When midgets hijack democracy

Small men in big chairs are usually dangerous. It isn’t just the Napoleon Complex: the tendency among short men to be overly assertive to make up for their lack of height.

Published: 27th January 2019 04:00 AM  |   Last Updated: 27th January 2019 11:26 AM   |  A+A-

Small men in big chairs are usually dangerous. It isn’t just the Napoleon Complex: the tendency among short men to be overly assertive to make up for their lack of height. A politician who occupies a chair too big for him gets not only overly assertive but also contemptuous of others and their rights. The result is a dictator complex, the feeling that whatever they do is right.

Consider the case of Kishorchandra Wangkhem, a television journalist in Manipur. One fine night in November he was arrested for criticising Chief Minister N Biren Singh and Prime Minister Modi. The charge was sedition. A magistrate found no sedition in the remarks the journalist made and released him on bail. Within two days he was jailed under NSA, which is beyond judicial review.

What exactly was the sedition Wangkhem committed? His style was typical Manipuri TV style, strong words strongly used—“street language”, as the Chief Judicial Magistrate put it while allowing bail. The substance was something else. He objected to the CM weaving the Rani of Jhansi’s struggle against the British into Manipur’s freedom struggle. “When you praise the Rani of Jhansi as a freedom fighter covering Manipur, your knowledge is nil and an insult to the freedom fighters of Manipur,” he said.

A historically accurate stance. But CM Biren Singh condemned it as “prejudicial to the security of the state”. At worst it was prejudicial to the security of the chief minister. Which makes this is a classic case of the Louis XIV mentality of “I-am-the-state.” Which should not surprise those who look into the story of N Biren Singh. This guy was a footballer who used that skill to get into the Border Security Force. But he wanted a political role and power, so he quit and started a publication of his own, using journalism for political ends. Like many politicians, he too developed an “ideological” affinity to whoever was in power. That helped him become a minister in a Congress government in 2003. When the pendulum swung in favour of the BJP, Biren Singh became a BJP man. Mission accomplished.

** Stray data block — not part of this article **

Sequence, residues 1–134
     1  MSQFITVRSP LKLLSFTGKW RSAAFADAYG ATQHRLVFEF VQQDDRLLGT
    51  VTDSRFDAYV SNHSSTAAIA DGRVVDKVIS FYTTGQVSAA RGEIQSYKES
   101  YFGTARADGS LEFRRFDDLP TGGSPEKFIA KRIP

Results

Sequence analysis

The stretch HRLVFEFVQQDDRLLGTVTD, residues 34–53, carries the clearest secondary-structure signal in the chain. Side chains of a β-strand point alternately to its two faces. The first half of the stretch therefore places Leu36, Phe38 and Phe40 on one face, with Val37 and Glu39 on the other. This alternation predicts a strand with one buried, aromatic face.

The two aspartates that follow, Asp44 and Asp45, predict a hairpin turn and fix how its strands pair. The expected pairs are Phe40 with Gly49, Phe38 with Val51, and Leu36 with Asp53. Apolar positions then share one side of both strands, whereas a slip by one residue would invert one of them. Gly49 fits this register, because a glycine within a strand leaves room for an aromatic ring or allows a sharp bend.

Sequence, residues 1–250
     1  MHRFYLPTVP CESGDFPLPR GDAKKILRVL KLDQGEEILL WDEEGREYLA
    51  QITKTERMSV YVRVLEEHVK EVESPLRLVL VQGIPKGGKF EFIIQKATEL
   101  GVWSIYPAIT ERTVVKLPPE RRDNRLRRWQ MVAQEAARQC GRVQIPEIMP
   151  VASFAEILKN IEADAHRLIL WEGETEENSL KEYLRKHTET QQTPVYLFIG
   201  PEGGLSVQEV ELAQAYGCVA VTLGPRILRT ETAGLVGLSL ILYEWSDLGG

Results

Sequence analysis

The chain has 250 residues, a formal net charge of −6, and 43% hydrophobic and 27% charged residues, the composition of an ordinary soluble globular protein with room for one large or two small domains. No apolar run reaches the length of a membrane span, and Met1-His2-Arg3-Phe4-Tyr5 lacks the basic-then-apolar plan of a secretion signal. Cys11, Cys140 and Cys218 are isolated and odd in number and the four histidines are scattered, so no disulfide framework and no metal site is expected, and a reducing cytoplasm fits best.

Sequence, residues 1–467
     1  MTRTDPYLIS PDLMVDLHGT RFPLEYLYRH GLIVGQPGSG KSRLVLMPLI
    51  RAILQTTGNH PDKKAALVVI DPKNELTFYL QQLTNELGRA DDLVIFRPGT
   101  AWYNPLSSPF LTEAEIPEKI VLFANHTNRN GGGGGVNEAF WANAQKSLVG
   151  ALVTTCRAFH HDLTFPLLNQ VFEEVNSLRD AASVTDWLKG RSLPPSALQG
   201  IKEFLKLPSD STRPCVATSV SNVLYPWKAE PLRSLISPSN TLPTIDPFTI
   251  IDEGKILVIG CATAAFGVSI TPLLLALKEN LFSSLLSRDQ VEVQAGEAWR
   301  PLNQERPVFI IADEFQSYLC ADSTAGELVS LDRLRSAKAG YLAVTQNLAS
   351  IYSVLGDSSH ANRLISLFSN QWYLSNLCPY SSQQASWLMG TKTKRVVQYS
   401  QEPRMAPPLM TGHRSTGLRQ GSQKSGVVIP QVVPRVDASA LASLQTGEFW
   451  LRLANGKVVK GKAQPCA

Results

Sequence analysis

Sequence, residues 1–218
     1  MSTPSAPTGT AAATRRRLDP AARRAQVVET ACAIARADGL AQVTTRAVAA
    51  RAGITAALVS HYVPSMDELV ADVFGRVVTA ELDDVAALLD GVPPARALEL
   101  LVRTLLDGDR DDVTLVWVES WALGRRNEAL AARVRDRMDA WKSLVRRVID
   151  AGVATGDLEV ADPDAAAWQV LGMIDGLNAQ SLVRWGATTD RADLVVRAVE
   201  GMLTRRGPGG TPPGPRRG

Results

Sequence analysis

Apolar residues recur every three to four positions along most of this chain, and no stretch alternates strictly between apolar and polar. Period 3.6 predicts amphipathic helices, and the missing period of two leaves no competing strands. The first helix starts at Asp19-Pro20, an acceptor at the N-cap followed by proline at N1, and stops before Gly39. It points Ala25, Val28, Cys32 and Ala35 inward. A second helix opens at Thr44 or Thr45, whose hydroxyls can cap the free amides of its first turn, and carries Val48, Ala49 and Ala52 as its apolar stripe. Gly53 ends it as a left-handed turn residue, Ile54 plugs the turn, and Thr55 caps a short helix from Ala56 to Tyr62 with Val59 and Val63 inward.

Power gave him new insights. Addressing a conference of doctors, he outlined a vision no one else had had  so far. “Be it doctors or politicians. We are here to serve the people. We are not here to take your abuses. If you think that common people can say anything to those in power, no you can’t. If somebody in power has done something wrong, you can go to the court. But you don’t have the right to abuse anyone publicly.”

Criticism is not abuse—and criticism is one of the pillars of democracy. If criticism is taken as abuse and penalised, many of India’s intellectuals, academics, editorial writers and columnists will be in jail under NSA. However, a closer examination shows that Biren Singh, in his BJP avatar, has merely learned the techniques of currying favour with his bosses. At a fair in Porbandar in Gujarat in March last year, he said: “During the time of Lord Krishna, there was no separate Arunachal Pradesh or Assam or Manipur. The entire north-east was one entity. Arunachal, Manipur and Nagaland are bordering China. Lord Krishna made them part of India during his time.” This is a determined man. History and geography must bend to his will.

Is this a pattern among BJP leaders? At a meeting addressed by Maharashtra Minister Vinod Tawde recently, a student asked a question with his tape recorder on. The minister asked him to turn off the recorder and the student wanted to know why. The minister’s response was to ask his security men to arrest the student and confiscate his recorder. The same arrogance of power made V K Singh, known variously as the Sanghi General and the foot-in-mouth mantri, to proclaim that “people making accusations over Rafale aircraft deal are illiterate.”

Perhaps small men imagine that they can frighten critics away. The media watchdog, Reporters Without Borders, found India was the fifth deadliest place for a journalist. The All Manipur Working Journalists Union disowned journalist Wangkhem. For them discretion was the better part of valour. However, the Students’ Union found the courage to support Wangkhem while the Indian Journalists’ Union said that the freedom of expression included the right to offend. Or course it does. But what do you do when a politician says that the right to rule includes the right to arrest critics and to call them illiterate. Either politicians win and others lose or others lose and politicians win.


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